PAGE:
Power of assessment: Best judgement: Calculating arrears using mark-up
The following are examples of how officers have used mark up to calculate arrears.
In the absence of records and precise information from the business, the officer carried out a mark-up exercise based on his knowledge and expertise about the trade generally.
The tribunal upheld the assessment, case Playden Oasts Hotel - LON/90/1648.
The main basis for the assessment was a mark-up exercise from information of purchases obtained from suppliers. As the business had very few records sales prices were agreed with the appellant.
The assessment was upheld, case K. Sedat t/a Sherrys Kebab and Burger Bar - Lon/90/1780.
An assessment was raised on a food to drinks ration and a weighted mark-up calculated on the basis of a 6 week period said to be representative by the appellant.
As there were no menus for the period and a shortage of records, assumptions were made. The appellant was advised of the conclusions drawn from the exercise and invited to comment, which he failed to do.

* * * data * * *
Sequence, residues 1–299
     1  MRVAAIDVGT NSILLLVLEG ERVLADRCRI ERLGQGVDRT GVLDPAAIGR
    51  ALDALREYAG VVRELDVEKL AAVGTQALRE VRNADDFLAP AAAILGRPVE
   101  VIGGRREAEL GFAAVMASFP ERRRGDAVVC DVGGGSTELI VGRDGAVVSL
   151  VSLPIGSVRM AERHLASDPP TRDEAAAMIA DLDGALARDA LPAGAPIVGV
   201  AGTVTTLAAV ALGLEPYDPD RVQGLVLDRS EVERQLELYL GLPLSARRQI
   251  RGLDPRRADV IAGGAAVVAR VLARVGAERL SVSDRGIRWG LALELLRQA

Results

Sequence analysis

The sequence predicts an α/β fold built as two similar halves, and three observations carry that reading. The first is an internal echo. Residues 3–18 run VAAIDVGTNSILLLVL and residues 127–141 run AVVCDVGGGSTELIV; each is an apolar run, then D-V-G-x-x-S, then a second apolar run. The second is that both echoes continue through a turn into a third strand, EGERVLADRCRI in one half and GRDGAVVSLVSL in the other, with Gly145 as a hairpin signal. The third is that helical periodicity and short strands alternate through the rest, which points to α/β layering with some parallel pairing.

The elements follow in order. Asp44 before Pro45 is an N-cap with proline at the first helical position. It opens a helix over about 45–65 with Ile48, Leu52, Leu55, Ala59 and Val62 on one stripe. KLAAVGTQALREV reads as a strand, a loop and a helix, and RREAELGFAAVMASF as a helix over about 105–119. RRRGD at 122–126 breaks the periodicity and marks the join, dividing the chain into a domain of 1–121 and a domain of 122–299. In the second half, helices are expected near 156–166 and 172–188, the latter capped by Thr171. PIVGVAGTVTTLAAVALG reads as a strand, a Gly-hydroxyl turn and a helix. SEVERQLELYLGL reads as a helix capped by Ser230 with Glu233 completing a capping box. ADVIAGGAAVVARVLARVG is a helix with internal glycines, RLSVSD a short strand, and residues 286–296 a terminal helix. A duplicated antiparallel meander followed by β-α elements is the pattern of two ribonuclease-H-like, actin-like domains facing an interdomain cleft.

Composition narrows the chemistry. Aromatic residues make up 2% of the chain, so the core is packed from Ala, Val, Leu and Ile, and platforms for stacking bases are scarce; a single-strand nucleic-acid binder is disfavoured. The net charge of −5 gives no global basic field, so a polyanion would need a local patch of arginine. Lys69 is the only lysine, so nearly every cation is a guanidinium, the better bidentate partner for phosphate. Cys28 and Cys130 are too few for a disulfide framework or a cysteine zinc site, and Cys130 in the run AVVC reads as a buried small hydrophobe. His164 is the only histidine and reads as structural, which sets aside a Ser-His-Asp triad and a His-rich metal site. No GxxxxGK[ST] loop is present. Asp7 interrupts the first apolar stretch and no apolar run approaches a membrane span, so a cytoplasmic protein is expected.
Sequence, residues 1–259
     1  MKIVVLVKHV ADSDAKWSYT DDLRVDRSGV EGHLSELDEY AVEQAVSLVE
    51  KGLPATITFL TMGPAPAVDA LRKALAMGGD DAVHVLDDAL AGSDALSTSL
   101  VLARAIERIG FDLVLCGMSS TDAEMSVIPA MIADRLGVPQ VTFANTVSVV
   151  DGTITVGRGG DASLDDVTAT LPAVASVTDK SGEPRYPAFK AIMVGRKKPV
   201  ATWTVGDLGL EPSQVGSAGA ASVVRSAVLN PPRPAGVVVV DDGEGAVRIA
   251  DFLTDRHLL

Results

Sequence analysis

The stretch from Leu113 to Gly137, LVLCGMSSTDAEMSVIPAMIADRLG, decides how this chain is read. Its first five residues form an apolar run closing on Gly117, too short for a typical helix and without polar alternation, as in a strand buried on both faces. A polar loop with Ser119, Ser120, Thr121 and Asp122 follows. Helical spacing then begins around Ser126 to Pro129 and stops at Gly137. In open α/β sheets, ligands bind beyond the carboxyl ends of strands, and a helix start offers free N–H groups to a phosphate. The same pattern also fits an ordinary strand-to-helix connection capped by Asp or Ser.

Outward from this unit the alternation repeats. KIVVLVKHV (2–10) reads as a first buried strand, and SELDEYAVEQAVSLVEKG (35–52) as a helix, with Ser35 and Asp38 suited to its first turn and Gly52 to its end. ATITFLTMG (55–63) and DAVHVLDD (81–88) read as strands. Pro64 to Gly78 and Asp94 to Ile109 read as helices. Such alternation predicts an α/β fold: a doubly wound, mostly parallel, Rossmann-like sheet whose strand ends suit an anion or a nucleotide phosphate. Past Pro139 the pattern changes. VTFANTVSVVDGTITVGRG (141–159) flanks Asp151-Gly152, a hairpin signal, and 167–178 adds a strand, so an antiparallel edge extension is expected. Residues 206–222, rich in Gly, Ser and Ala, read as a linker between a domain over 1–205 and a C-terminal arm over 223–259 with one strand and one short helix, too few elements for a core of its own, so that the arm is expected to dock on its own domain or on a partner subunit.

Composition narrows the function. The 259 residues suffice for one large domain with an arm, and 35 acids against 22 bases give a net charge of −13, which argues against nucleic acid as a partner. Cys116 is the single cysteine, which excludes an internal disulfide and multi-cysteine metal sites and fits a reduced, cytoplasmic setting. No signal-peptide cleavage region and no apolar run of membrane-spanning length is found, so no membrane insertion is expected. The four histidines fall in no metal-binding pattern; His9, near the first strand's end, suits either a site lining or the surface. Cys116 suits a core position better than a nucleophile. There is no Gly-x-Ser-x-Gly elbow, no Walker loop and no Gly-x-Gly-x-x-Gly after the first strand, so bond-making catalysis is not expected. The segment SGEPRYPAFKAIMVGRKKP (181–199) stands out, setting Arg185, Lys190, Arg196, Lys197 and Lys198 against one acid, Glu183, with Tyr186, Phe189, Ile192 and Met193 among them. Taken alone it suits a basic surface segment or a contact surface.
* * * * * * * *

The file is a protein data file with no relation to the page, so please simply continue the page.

The tribunal upheld the assessment, case MH Rahman t/a Khayam Restaurant - MAN/96/133.
A weighted mark-up for the period chosen was applied linearly to previous periods back to the mark-up accepted by previous officers.
At that time, the mark-up was lower than that of the representative period. The tribunal accepted that the assessment was issued to best judgement and that the linear mark-up is an acceptable basis for an assessment
Based on this decision it should be possible, provided there is an agreement between the business and the officer relating to a period’s mark-up, to undertake a single period weighted mark-up and apply a linear relationship, case Terence Neil Wilshaw - MAN/96/277.